It took nearly six months for that to happen. When it did, speaking invites and interview requests began flooding his email. It wasn't all show and no go, with smitten car buyers flooding his showrooms hoping for a chance to meet El Patronn himself.
Brooklyn Mitsubishi rolled 400 cars in the first three months of 2018, just about matching the dealership's output for all of 2017. By the end of the year, sales and total profit were up more than 50%. This past April, Rudy T. revealed that Brooklyn Mitsubishi was capturing 94% of his primary market area. "That's unheard of, especially for this store," he says. "I saw the potential here. We changed the culture and made sure we had the right technology."
Iron sharpens iron
The El Patronn phenomenon hadn't taken flight when Saffold traveled to Brooklyn Mitsubishi in December 2016. He was hired four months earlier as part of DealerSocket's restarted Custom Success Manager program. Having worked retail, he knew the quickest way to the dealer's heart was to show El Patronn how he could create a pipeline of potential business using DealerSocket's CRM.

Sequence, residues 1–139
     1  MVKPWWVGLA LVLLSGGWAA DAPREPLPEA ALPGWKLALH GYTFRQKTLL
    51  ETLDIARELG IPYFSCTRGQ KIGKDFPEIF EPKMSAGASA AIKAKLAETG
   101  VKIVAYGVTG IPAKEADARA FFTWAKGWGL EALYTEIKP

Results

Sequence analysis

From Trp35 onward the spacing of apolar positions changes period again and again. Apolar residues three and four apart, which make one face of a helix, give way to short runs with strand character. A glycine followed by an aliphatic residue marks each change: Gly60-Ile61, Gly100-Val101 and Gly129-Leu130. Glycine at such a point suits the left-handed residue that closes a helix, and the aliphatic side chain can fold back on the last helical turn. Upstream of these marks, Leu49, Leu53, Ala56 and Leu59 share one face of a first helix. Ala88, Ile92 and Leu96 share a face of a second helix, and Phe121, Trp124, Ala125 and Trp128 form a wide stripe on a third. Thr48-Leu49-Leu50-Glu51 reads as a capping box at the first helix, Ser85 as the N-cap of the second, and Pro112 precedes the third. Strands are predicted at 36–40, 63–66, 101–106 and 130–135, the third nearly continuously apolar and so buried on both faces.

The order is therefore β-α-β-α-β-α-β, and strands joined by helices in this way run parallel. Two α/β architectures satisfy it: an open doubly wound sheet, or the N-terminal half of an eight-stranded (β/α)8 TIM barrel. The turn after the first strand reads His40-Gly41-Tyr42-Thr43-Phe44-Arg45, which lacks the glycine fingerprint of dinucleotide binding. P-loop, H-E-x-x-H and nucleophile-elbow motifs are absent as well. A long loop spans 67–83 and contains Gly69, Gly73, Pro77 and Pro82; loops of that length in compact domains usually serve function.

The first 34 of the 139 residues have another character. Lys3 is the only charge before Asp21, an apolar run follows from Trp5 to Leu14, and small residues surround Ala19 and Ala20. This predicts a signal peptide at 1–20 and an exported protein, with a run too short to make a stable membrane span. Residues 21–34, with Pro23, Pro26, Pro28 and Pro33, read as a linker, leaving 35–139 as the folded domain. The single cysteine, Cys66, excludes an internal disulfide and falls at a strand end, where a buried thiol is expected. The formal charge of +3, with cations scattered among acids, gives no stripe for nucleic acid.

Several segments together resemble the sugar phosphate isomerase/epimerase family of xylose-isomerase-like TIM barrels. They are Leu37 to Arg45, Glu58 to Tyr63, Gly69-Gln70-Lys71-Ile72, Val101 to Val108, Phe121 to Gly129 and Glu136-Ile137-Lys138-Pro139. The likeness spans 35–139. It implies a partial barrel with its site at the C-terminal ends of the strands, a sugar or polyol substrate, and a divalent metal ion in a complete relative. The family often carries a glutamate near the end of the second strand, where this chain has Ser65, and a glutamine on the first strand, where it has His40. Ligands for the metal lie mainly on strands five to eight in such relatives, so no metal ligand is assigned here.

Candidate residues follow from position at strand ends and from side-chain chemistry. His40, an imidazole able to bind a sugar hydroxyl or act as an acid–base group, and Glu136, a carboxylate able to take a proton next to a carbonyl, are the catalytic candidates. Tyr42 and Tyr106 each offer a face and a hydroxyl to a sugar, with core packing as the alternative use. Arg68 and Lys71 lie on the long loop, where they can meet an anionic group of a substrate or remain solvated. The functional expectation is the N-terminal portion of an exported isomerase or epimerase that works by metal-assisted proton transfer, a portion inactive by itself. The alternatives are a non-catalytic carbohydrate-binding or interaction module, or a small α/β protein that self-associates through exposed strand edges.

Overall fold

The CSM first delved into the different ways the CRM captures customer data, including text messages between salespeople and shoppers via SocketTalk. He then hammered home the importance of Rudy T.'s sales team entering every bit of information into the CRM and how even the most trivial note can fuel a campaign generated by DealerSocket's RevenueRadar data-mining tool.
Lastly, he showed Rudy T. how he could configure the CRM's unique dashboard to track all those activities by simply adding and subtracting different widgets. "I came out of the meeting thinking that DealerSocket CRM is our bible," Tremenio adds. "And the one thing that increased business for us was the CRM's business notes. If you put in that a customer is looking for a specific model and the model comes in a couple of days later, like magic, we get an alert. That's what it was designed to do, but we never worked it that way until Regis showed us.
"And that's why I tell my guys that it doesn't matter if the customer's here on a lunch break, you have to log it into notes," he adds. "Because I need to know what's going on, why the customer left, and how the customer heard about us. Hey, advertising is expensive, and I need to know exactly what's working and what's not."